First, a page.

Aerial view of deforestation in Panama’s portion of the Mesoamerican Biological Corridor, due to the construction of copper mines and access roads. Photo: CIAM

By José Arcia
24 December 2018

(Mongabay) – From the air one can observe the destruction wrought by an open-pit mining project in Cerro Petaquilla and on the ground people talk about its environmental consequences. A security checkpoint and a sign announce that you have reached one of the entrances of the project in the area of ​​Molejón, Coclesito, 180 kilometers from Panama’s capital city.

The deforestation began with the mining of gold by Panamanian company Petaquilla Gold and has continued with copper mining by Minera Panama, a subsidiary of Canadian company First Quantum Minerals.

Petaquilla Gold and Minera Panama are two different companies that share the same goal: the exploitation of metals in that underlay Petaquilla hill. Their activities are governed by a single contract endorsed by the National Assembly (Congress). However, their operations have resulted in the destruction of forest in an area of high regional biodiversity: the Mesoamerican Biological Corridor that connects the seven countries of Central America to southern Mexico.

Conservationists say Panama’s portion of the corridor has been severely affected by mining-caused deforestation that began 10 years ago. Satellite imagery and data show recent accelerated deforestation caused by mine expansion.

Primary forest loss

The concession, granted by contract law No. 9 of 25 February 1997, covers an area of ​​13,000 hectares that is roughly equivalent to 60 times the size of the Capital District. It is not clear what percentage of this area has been allocated to the copper project developed by Minera Panama. However, in the project’s environmental impact study, the area of impact is specified at 5,900 hectares, of which about 5,500 was covered by lowland tropical rainforest. The remaining areas include 320 hectares that had already been degraded by “anthropogenic activities,” and 25 hectares that correspond to bodies of water. Three important watersheds are within the mine’s area of ​​influence: Petaquilla River, Caimito River and San Juan River.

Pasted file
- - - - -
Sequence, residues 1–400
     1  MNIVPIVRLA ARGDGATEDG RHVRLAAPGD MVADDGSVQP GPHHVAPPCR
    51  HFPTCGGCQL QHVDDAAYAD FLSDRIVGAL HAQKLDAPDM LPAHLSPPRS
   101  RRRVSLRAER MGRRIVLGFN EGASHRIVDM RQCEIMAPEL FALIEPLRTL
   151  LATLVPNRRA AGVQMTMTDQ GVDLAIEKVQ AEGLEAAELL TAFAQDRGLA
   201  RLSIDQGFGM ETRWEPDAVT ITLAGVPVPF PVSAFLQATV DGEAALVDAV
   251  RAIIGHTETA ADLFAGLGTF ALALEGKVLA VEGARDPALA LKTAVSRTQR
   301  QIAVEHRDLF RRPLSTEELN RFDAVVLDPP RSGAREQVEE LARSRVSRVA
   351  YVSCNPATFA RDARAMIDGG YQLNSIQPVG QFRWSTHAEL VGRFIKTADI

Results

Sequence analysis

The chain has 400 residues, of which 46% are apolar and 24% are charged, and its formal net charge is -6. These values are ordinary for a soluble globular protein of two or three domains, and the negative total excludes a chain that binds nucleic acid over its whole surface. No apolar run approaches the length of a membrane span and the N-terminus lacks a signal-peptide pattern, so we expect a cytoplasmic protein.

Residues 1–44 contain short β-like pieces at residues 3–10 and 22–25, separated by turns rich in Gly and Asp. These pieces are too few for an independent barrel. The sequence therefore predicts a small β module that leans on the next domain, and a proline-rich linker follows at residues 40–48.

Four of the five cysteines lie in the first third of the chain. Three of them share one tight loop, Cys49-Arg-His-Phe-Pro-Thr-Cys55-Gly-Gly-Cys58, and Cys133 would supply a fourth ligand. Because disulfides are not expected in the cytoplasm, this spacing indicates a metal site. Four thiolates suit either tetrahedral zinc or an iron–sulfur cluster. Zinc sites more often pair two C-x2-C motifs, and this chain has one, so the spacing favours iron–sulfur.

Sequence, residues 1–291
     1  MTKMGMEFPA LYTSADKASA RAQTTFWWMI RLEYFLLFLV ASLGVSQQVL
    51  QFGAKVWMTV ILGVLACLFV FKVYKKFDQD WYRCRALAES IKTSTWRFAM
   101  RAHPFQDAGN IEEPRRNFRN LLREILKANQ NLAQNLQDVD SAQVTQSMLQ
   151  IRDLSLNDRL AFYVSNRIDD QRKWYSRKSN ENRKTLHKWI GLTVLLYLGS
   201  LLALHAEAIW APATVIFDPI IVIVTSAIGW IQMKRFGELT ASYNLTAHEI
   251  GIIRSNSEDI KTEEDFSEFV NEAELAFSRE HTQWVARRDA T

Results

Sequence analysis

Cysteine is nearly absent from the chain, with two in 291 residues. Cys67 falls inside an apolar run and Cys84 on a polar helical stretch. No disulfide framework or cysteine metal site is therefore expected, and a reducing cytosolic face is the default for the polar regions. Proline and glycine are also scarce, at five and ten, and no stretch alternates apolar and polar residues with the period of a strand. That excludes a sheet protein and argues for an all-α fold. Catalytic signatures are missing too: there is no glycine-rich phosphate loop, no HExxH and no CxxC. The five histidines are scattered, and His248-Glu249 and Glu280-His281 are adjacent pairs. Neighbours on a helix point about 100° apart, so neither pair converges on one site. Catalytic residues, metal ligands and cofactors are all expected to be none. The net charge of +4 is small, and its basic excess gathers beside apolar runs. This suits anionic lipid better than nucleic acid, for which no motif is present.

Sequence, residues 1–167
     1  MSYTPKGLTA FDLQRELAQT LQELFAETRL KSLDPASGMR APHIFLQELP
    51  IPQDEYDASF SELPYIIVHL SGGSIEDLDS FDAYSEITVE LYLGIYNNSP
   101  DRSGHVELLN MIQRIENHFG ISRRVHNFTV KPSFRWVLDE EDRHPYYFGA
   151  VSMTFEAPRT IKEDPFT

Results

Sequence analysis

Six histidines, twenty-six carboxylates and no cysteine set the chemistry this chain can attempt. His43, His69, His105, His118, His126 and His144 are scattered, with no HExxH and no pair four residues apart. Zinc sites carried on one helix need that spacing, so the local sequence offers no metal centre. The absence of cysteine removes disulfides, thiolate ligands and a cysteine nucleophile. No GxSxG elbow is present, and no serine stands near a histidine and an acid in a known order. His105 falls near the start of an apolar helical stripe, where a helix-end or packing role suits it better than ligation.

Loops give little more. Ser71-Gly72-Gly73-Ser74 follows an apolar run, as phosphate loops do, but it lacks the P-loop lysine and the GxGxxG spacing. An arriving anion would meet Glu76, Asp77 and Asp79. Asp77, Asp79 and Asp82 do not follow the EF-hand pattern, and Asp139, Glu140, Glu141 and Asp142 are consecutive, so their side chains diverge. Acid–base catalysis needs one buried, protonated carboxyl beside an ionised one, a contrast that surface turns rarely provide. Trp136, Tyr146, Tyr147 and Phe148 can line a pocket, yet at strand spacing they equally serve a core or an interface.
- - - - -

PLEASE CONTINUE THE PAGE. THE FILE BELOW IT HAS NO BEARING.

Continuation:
“It has been demonstrated that the clearing activities of the tropical forest could cause changes in local climatic and biological conditions in the forests adjacent to the devastated areas,” states the environmental impact study carried out by Minera Panama, which, unlike Petaquilla Gold, waited for approval of the document by the National Environment Authority (now Ministry of Environment) to start construction work.

Minera Panama plans to invest more than $6.3 billion and expects to export around 320,000 metric tons of copper per year.

The impact of this mining activity can be seen in satellite images that show what appears to be a consequential loss of primary forest in the area of ​​influence of the project, an area where forest was intact as of 2000.

Satellite data from the University of Maryland recorded 4,500 deforestation alerts in the area in which the company operates between 8 September 2018 and 24 November 2018. Satellite images confirm these alerts, showing large areas of clearance.

To corroborate the imagery and data, a Mongabay team traveled to the area.

On Saturday, 10 November 2018, the heat was incessant in Coclesito, the humidity was overwhelming, and it drizzled from time to time. Minera Panama is omnipresent in the community: trucks and cars with the company’s logo circulate in both directions through the only two streets of the town, and residents are dressed in work clothes from the mining company. [more]

Copper mine destroying forests in Panama’s Mesoamerican Biological Corridor


  1. Anonymous said...

    I'm surprised things like government debt isn't discussed more in environmental circles. Government debt creates a situation in which economic growth becomes mandatory, in order to pay off the debt. More debt leads more need for growth. This is the path the US is currently taking. Environmental regulation is thrown out the window in favor of growth, because growth is needed to pay off the debt.  


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